Even if Bar Louie’s Szechwan wings weren’t at all spicy, they did ignite a fire of sorts. They’ve left me obsessed with Asian-style wings.
I thought I could convince Great Wall-Szechuan House to whip me up a batch despite not having wings on the menu. Their ma po tofu had the exact flavor profile I wanted, matching an intense heat with a numbing, almost electric quality. Why not fry up an order of wings nice and crispy, and then toss them in a wok with that beautiful red chili-spiked oil?
I tried ordering in person for take out. I tried ordering in person for dining there. I tried phone orders for delivery. I tried disguising my voice and having a friend call, and now I’m completely certain I will not be getting Szechwan wings from Great Wall. This, despite my attempts to convince them they are sitting on a potential bar-food gold mine.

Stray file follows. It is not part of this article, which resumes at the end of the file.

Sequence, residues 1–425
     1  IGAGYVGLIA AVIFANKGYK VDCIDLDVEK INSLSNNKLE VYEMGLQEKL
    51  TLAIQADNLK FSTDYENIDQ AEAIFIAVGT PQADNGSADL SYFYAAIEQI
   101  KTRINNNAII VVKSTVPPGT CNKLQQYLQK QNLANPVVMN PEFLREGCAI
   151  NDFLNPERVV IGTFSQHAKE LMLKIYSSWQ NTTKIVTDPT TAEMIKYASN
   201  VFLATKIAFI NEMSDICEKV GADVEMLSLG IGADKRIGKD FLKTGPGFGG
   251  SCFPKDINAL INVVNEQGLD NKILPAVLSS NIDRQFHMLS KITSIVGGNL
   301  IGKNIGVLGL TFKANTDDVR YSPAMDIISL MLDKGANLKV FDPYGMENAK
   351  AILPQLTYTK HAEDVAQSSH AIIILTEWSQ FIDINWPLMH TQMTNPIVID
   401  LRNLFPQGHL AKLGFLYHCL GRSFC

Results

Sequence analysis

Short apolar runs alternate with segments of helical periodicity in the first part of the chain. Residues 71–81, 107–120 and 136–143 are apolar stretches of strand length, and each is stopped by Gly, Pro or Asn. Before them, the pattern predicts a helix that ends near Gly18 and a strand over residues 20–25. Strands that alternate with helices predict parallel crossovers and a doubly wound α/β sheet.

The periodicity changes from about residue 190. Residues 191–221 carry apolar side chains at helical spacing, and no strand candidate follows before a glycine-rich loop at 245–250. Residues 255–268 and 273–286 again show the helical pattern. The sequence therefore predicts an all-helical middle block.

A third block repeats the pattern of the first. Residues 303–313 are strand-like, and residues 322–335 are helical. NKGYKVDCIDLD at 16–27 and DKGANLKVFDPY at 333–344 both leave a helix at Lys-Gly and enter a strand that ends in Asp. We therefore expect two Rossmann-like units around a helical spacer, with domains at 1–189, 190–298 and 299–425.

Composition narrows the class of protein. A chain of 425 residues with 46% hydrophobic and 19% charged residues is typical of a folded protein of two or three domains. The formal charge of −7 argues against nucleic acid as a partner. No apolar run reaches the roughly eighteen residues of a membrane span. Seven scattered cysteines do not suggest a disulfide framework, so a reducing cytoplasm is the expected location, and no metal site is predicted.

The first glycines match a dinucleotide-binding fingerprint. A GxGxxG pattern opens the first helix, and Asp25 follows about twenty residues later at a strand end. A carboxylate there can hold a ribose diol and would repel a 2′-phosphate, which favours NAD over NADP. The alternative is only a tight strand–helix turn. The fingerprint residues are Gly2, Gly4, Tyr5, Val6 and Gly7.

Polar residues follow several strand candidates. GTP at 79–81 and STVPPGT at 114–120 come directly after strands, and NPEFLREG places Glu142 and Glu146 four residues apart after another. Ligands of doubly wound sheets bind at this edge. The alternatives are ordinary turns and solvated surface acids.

Battered and broken I was about to give up my hunt, when I remembered one of my favorite chefs who liked to play with Asian flavors also hailed from upstate New York. I shot Scott Drewno an e-mail and asked if he had any interest in cooking up some ma la-style chicken wings. A week later, I was at his bar bathing in a Szechwan peppercorn-induced bliss.
Like many things at The Source, Drewno’s wings get all dressed up before leaving the kitchen. Each wing is frenched, exposing a length of bone that makes for a nice handle. The wings are then marinated in oil, ginger, garlic, and scallions before receiving a liberal seasoning of Chinese five spice and a Szechwan peppercorn salt.
Just before frying, they also get a light dusting of rice flour that yields an intensely crispy skin. Finally the wings are re-seasoned and tossed with fried jalapeño slices, shallots, and garnished with cilantro and green onion. It results in an outstanding balance of crunch, salt, and heat.
The wings, unfortunately, aren’t always on the menu.
But even if ma la wings were to become a staple of The Source’s menu, I’m not sure I want to visit a fancy izakaya every time I want a wing fix. With its late night feel, worn vinyl tiles, and lightning-quick delivery, Great Wall continues to draw me to its fiery red chili oil. Maybe I should give them another call?